All business angels are wealthy individuals looking to invest around 10% of their wealth in high risk and high growth early stage companies which they think can give them at least a ten times return on their investment over three to seven years.
Many business angels are looking to get actively involved in the companies in which they invest and this means that they typically prefer local investments and investments that they understand, often on account of their own inside knowledge in the relevant business sector. The average size of an angel investment is £42,000 per investor and the average percentage stake acquired is 8%. Though on occasion a business angel will invest alone or invest more than £100,000 in a business. There is an even 50:50 split between angel investments in revenue generating businesses and pre-revenue businesses, though recent surveys suggest the average may be moving in favour of revenue generating companies.
What are investors looking for?
All investors are looking for the opportunity of making a ten times or greater return on their money in around five years. The less the risk, the lower the return they expect, but it will always need to compare favourably with a well managed portfolio of listed investments on one or more of the world’s stock exchanges.
They are looking for the right team to back to produce a successful exit and always like a good track record. They favour opportunities with a large addressable market undertaken by a company that knows its target customers, how to sell to them and how to generate revenue from each sale.
They like businesses they can understand and help with to some extent. Many investors will open their “black book” of contacts and often this is every bit as valuable as the cash they provide.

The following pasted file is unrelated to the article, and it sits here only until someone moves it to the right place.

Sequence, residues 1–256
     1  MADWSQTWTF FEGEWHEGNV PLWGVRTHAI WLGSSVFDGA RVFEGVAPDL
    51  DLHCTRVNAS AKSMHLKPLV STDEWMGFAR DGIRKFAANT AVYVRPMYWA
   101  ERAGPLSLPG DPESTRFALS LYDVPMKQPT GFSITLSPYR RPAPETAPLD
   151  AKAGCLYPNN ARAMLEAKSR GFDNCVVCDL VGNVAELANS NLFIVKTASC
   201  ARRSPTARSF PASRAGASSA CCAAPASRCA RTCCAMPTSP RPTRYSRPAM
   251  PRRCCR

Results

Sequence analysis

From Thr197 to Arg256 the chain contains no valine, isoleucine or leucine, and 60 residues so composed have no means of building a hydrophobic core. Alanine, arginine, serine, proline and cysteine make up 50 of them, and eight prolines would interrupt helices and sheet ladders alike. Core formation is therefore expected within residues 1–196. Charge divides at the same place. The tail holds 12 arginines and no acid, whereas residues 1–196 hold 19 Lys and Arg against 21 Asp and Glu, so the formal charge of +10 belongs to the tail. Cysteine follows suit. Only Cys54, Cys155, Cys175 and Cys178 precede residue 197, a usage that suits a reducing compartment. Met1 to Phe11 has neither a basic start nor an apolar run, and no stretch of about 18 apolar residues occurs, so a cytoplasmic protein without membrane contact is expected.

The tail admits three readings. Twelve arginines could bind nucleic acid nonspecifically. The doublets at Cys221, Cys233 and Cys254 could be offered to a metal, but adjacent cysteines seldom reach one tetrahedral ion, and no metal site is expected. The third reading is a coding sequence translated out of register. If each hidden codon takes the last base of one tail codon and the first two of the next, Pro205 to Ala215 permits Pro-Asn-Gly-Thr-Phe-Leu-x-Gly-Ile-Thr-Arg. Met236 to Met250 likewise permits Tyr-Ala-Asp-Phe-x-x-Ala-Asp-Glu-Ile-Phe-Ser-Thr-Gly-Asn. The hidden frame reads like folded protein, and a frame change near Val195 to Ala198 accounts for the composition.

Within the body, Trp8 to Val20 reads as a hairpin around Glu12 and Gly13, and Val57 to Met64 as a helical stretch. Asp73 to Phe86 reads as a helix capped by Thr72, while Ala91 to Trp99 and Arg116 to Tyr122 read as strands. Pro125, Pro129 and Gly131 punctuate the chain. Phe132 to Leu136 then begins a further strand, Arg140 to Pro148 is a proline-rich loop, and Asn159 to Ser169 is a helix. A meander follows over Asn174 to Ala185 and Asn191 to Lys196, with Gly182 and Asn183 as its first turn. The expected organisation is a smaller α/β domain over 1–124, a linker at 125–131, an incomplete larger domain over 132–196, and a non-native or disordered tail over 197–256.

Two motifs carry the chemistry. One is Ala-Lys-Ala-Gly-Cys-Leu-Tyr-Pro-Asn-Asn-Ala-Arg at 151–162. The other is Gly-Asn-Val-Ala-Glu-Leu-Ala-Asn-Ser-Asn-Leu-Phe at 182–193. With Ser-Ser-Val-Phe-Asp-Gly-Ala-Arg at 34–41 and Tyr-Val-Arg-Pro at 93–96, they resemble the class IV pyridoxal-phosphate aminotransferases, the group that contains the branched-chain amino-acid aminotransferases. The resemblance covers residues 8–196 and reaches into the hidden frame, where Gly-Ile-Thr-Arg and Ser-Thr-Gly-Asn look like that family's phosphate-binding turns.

They also like tax efficiency. All UK taxpaying private investors receive up to a 65% tax break to invest in qualifying businesses under the Enterprise Investment Scheme. You therefore need to know about this and ensure your business qualifies if you are seeking UK business angel investment. You might find this article useful in this respect.
All of the above is, by definition, quite generic. Different investors want different things. It is easier to be more specific to say what investors don’t like. Accordingly, we asked Michael Blakey, Super Angel” and investor with Avonmore Developments and set out what he told us below.
Whatare investors looking to avoid?
Failing to describe what your business does
It may come as a surprise, but many entrepreneurs struggle succinctly to describe what their business has been set up to do and why it differs from the competition. The old idea of the elevator pitch really holds true for most angels and you need to get to the point in a minute or less. Experienced angels can assess an opportunity quite accurately in the opening minutes of a presentation - because we see so many ideas it’s essential to focus on the key points. So work hard on that opening presentation, it’s absolutely vital.
Entrepreneurs who over-value their businesses